If there exists anything more challenging than making a movie, it probably is making your first movie. For most emerging filmmakers, making their first movie at film school is not ‘that’ hard yet. After that, things become a lot more difficult. Obviously, finding producers is crucial for making movies but particularly tricky for young filmmakers.


This is where Berlinale Made in Germany – Perspektive Fellowship picks up the slack. Launched 2012 by Berlinale festival director Dieter Kosslick, the programme ‘Perspektive Deutsches Kino’ aims to integrate more German films into the Berlinale. For the 5th time in a row, the section gave talented German filmmakers the opportunity to present their work. Former participants, mostly of them film academy students, whose movies have been screened in the Perspektive the year before can submit a treatment. The most outstanding one will then be awarded with 15’000 Euro, funded by German watchmaker and Berlinale Co-Partner Glashütte Original. The fellowship not only supports the domestic filmmaking industry but also showcases artistic and thematic trends among next generation German filmmakers. This year’s winner is Munich based director Janna Ji Wonders.


Janna Ji Wonders Berlinale Fellowship Winner 2016



Wonders convinced with an autobiographical work titled ‘Walchsensee Forever’ in which she takes a close and loving look at the story of her own family. ‘To me, the movie is like a search for my own identity’, says Wonders about her movie. Similar to her first movie ‘I Remember’ which has been screened at last years’ Berlinale, ‘Walchsensee Forever’ is a portrait about several generations of woman and their specific connection to their homeland, the Walchensee.

‘I Remember’ by Janna Ji Wonders which has been screened at Berlinale 2015.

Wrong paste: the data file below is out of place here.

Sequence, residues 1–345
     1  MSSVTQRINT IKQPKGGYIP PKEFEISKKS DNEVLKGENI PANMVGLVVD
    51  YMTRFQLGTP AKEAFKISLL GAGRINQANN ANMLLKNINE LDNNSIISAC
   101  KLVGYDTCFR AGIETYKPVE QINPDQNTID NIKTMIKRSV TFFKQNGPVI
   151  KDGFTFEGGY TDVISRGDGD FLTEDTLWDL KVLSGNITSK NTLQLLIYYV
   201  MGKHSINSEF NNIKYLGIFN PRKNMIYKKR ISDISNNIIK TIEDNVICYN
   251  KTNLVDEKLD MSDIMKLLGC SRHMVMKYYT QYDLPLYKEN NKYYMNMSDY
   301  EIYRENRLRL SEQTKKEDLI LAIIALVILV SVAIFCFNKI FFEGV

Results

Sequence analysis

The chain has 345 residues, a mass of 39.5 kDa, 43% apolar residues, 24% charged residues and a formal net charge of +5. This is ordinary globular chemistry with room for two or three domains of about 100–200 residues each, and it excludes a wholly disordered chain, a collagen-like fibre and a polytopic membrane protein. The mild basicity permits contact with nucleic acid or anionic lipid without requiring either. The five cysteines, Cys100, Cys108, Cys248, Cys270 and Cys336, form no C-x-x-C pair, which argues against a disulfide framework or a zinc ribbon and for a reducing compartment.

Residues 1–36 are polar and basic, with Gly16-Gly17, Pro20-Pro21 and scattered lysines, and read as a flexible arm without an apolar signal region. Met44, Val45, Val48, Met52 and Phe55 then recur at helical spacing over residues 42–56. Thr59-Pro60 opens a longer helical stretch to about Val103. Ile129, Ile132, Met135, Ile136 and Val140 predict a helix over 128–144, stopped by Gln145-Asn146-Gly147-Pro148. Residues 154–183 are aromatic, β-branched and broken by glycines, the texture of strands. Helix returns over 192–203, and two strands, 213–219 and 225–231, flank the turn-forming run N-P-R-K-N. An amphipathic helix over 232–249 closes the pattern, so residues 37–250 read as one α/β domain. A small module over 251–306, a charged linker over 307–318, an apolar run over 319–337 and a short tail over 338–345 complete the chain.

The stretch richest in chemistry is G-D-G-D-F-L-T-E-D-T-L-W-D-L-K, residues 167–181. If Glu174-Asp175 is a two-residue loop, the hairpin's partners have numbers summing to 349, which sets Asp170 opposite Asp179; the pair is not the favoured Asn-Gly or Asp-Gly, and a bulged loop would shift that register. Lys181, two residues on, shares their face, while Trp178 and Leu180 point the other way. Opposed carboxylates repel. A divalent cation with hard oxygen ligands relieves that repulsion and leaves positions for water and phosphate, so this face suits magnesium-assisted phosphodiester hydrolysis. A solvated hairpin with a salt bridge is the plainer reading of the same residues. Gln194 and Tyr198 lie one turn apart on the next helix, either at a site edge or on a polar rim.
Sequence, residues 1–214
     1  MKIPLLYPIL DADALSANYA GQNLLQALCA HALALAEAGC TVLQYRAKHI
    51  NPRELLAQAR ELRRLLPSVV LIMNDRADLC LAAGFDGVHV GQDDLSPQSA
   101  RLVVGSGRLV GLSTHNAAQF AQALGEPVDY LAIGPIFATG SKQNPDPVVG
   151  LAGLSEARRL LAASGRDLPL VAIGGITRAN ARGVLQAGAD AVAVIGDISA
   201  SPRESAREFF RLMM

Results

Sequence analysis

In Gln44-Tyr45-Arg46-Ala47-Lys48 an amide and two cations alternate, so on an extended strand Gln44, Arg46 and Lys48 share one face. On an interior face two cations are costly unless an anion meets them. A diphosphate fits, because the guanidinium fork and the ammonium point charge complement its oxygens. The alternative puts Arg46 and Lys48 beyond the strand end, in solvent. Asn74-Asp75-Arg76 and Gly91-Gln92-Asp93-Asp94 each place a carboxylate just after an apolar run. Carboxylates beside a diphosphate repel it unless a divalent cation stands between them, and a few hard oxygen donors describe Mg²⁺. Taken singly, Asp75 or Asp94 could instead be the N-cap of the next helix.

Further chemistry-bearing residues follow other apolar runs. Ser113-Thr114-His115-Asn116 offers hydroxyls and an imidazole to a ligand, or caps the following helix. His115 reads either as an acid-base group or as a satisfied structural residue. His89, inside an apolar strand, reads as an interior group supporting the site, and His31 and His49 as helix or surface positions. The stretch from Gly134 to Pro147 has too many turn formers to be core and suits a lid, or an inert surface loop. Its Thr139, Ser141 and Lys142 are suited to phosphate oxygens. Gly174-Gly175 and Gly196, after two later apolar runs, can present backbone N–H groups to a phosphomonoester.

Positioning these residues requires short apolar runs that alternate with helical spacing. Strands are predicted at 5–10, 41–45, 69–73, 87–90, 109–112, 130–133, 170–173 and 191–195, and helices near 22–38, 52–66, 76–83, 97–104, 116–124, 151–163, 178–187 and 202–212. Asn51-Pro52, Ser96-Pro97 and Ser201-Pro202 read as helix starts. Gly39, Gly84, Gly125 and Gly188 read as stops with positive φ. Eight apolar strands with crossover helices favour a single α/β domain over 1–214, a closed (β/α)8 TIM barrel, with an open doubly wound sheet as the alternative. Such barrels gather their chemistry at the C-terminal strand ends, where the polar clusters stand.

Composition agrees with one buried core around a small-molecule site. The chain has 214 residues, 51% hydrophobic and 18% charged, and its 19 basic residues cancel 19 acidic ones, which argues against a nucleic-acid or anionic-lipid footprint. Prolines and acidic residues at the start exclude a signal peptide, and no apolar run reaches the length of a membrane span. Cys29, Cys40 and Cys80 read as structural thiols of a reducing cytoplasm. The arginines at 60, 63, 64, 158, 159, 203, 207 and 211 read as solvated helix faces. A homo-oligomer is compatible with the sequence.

‘Already in my very first short film ‘Waiting for summer’ I portrayed my grandmother. It was only a matter of time before I will make a feature film about my family’, says Wonders. Thirteen years have passed until the project becomes realized. Today, her grandmother is aged 104.


In ‘Walchensee Forever’, Wonders tells the story of her grandmother, her mother and herself. While her grandmother spent her whole life at the alpine lake and missed the chance to follow her dreams by helping out her parents at the coffehouse, Wonders’ mother has been living the hippie way of life and headed out to the United States, Mexico and India in the Seventies. Nevertheless, she always returned to her homeland, the Walchensee. Wonders who was born in San Francisco and raised in southern Germany also addresses her own relationship to that place. ‘I have a strong affiliation and connection to the Walchensee but feel a great inner conflict through my American roots’, tells Wonders about herself.


While one month has passed since the Berlinale award night, the pre-production already began. Together with her co-author, Wonders is just about to give the movie a more defined structure and dramaturgy. Simultaneously, the young director is putting together a crew. To her, ‘a small team is important to get a sense of intimacy and closeness during the filming.’ Obviously, Wonders has to work with a certain sense of urgency because of her grandmothers’ age. Her plan is to have completed ‘Walchensee Forever’ by the end of 2017.


The ‘Berlinale Made in Germany – Perspektive Fellowship’ is one example amongst a few where domestic emerging filmmaking talents become great support. To Wonders, the award not only helps to develop the project but also has a crucial effect on the nergy to really get down to work.